Olive was an early squatter, and helped to develop the black squatting scene in Brixton; she was one of two original squatters of 121 Railton Road, in the building which later became famous as Sabaar Books, and then 121 anarchist bookshop.

Olive Morris climbing into the back of 121 Railton Road, from the cover of the Squatters Handbook

Liz Obi: “We were introduced to squatting by some white women who were squatting a shop with a flat above it at the top end of Railton Road and who had opened it up as a Women’s Centre. We had visited the Centre on a couple of occasions and learnt from them about squatting and the law and we decided we would look for somewhere to squat ourselves. 121 was the derelict Sunlight laundry on Railton Road consisting of a shop downstairs and a flat upstairs – we managed to get into the building one night and we had a look around and the following week some squatters from the squatters group came along and showed us ho to change the locks, turn on the water and the electricity supply, and we moved in.

We faced three illegal eviction attempts where our stuff was thrown out onto the street by the landlord and the police but we always managed to get back in and we stayed there for about a year before a possession order was granted to the landlord and we had to move out. The building was then re-squatted by others and was used as a black bookshop…’ 121 was to be squatted more or less continuously until 1999, when the anarchist centre was finally evicted by armed police. (But that’s another story.)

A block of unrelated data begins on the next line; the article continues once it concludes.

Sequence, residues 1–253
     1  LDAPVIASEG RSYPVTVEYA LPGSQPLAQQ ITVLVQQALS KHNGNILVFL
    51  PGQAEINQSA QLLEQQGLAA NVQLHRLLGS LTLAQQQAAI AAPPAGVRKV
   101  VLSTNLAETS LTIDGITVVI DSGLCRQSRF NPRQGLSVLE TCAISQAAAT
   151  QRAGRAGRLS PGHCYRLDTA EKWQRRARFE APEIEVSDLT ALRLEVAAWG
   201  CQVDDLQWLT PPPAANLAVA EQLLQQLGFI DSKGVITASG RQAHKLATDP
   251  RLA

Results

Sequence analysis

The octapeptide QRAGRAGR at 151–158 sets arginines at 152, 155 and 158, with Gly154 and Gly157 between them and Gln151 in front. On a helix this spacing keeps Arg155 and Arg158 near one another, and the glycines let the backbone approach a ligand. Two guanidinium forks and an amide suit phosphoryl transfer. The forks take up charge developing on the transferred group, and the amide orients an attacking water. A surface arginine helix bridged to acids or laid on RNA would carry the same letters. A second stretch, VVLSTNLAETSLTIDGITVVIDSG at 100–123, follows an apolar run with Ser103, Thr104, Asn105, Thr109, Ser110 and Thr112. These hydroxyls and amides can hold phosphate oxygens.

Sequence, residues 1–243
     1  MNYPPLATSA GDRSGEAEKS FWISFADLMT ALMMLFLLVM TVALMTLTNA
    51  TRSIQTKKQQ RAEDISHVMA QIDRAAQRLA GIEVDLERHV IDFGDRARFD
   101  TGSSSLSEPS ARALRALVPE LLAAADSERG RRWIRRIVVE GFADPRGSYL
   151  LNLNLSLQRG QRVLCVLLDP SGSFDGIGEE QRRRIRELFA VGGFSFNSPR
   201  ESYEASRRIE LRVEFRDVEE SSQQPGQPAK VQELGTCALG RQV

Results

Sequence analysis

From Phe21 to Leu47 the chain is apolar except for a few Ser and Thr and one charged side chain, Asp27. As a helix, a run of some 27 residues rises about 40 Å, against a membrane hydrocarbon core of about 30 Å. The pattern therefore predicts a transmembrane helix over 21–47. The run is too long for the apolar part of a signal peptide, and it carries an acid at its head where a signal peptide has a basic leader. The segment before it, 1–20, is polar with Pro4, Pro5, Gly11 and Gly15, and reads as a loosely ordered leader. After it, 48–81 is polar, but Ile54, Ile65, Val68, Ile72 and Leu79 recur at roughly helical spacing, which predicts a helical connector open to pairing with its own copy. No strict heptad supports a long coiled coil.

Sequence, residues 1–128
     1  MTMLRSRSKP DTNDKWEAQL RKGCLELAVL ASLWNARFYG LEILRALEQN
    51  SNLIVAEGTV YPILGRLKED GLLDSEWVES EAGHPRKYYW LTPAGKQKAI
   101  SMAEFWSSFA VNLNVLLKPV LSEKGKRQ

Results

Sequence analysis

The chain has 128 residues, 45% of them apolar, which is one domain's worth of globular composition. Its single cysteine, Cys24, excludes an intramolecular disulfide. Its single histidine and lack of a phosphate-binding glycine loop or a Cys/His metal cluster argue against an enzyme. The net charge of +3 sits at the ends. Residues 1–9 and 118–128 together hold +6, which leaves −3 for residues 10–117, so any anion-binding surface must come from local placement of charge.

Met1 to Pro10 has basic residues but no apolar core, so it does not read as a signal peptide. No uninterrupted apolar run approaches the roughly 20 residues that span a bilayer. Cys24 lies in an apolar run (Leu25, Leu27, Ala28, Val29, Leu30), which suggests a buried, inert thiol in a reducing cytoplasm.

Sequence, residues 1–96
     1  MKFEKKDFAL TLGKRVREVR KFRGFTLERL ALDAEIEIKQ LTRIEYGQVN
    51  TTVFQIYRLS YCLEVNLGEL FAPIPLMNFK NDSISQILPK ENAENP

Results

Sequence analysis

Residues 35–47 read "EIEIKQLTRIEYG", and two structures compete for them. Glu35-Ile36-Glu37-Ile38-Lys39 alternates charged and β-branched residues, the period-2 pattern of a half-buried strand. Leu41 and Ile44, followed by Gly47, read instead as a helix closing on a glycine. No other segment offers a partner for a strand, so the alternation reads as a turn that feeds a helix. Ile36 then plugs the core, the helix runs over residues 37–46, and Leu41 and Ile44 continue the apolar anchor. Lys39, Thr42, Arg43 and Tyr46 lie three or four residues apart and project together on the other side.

Initially the Panther leadership was divided on the subject of squatting: “it caused a bit if a stir within the central core, with Darcus, Farrukh and Mala supporting us and seeing squatting as a political act while some of the other leadership saw it as a hippy type thing. However not long afterwards the movement itself would squat a property on Railton Road and open the Unity Bookshop…”

After the Panthers fragmented, Olive was later involved in setting up the first black bookshop at 121 Railton Road, Sabarr Books, then became a founder of Brixton Black Women’s Group, (based at 121, then 65 Railton Road, though it later moved to Stockwell Green).

“We formed the Black Women’s group in 1973… We came mainly out of Black organisations. Some had left and some were still there, but on the whole the organisations we came from were in the process of disintegrating… Straight away we got accused of ‘splitting the movement’, of weakening organisations which were already on the way out… But for most of us setting up an autonomous group for Black women was really necessary at that time… there were issues that related to us as Black women, like women’s work, our economic dependence on men and childcare… it was a chance to put them at the top of the agenda for a change… We didn’t want to become part of the white women’ movement. We felt they had different priorities to us…

We help to set up and maintain the first Black bookshop in Brixton, and joined the Railton 4 Campaign over police harassment. We also mobilised the community in Brixton against the practice of setting up disruptive units, and helped in the campaign for parental rights.  As the first autonomous Black women’ group of its kind, certainly in London, there were no models for us to follow… We just had to work it out as we went along. We were very wary of charges that we might be ‘splitting the Black struggle’ or mobilising in a vacuum, or imitating white women. These were the kinds of criticism Black men were making all the time. We couldn’t be… anti-men… but it felt good to be in a group which wasn’t hostile and didn’t fight all the time… We would not have called ourselves feminists by any means – we didn’t go that far for many years. It took us a very long time before we worked out a Black women’s perspective, which took account of race, class, sex and sexuality.”